Photos: UK Natural History Museum
The only thing going for humans when it comes to defending ourselves against anglerfish is the fact that they live more than 1,000 meters below the ocean’s surface. Okay, and the huge size advantage we’ve got. Beyond that, everything about the fish is the stuff of nightmares.
There’s the rows of razor sharp teeth, the way it waddles through the ocean with its disjointed jaw agape, the ominous “angler” or light it’s got jutting out from its forehead, and its terrifying method of sexual reproduction (the female absorbs the male, which is thousands of times smaller in size). Now there’s this: It can eat fish twice its size.
That's a lot of bones in a little fish.
For the first time, researchers at London’s Natural History Museum have managed to figure out what was in the stomach of one of their “hairy” anglerfish, named for the many antennae it has that make it look like it’s got hair. The museum’s specimen is one of only 17 hairy anglerfish ever discovered, but its stomach was hugely expanded. For years, James Maclaine, the museum’s curator of fish, had wondered what the hell was in there.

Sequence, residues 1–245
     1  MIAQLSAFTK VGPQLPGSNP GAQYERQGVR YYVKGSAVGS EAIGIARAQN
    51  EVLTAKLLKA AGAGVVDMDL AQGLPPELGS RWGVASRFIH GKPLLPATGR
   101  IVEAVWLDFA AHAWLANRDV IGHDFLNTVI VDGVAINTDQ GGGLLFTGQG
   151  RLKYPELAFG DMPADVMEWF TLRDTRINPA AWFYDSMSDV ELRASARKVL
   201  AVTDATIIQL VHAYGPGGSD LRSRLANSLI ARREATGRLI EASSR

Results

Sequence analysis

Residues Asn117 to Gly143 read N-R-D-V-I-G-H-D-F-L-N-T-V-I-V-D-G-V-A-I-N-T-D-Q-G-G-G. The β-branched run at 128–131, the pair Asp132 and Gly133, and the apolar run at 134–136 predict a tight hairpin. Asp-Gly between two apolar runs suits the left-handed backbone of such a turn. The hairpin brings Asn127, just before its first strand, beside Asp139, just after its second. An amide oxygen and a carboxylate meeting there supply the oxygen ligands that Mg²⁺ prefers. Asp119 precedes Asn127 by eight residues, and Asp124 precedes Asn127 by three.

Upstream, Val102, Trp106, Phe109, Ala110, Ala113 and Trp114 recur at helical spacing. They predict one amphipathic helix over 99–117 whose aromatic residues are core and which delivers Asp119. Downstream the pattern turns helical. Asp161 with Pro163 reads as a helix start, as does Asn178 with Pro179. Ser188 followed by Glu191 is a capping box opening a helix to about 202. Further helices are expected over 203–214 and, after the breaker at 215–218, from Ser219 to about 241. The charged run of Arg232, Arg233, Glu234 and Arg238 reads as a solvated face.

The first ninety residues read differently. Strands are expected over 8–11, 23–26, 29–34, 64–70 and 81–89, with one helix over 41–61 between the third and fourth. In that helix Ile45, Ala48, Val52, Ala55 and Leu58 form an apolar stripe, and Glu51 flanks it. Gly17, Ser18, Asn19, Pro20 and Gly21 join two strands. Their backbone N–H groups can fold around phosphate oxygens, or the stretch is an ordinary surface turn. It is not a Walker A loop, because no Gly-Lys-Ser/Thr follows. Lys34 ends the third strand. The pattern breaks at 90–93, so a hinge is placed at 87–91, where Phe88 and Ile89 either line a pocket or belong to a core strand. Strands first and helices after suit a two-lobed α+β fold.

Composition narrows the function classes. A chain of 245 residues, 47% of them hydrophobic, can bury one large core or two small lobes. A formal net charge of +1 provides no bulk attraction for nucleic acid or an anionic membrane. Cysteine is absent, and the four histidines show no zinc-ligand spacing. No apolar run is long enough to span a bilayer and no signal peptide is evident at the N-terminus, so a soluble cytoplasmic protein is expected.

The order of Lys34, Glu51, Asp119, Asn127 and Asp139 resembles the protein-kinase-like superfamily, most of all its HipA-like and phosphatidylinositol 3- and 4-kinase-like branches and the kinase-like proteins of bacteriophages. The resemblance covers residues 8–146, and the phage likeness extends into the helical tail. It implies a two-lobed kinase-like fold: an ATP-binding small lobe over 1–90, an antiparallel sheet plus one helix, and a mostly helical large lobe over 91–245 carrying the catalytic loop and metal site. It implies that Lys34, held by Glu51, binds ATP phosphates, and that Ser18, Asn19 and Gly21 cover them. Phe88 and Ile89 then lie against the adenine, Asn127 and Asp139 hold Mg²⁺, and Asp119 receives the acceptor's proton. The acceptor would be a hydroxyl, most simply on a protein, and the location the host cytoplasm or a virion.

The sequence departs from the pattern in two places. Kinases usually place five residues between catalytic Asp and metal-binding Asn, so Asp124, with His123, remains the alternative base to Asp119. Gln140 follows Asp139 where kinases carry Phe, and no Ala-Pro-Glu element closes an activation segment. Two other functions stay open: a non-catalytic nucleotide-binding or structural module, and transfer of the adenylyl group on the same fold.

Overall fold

“It’s the biggest one that’s ever been found,” he said in a video posted by the museum. “We don’t want to cut it open because it’s such a rare specimen and we don’t want to damage it.”
The Anglerfish, according to Nat Geo
Recently, however, the museum used a micro-CT scanner to create a 3D X-ray of the fish and its stomach. Inside was a fish more than twice the length of the anglerfish, proving that these things can stuff a whole lot of prey into their balloon-shaped bodies. Scientists are just starting to use CT scans for this kind of thing—with just a couple scans, they can provide a more clear picture than hundreds of individual x-rays.
When it comes to the ocean, it’s impossible to name one weirdest or most terrifying fish, because every time something like this comes up, there’s an oarfish invasion or something. But the anglerfish has to at least be in the conversation. Stay out of the (extremely deep parts of the) water...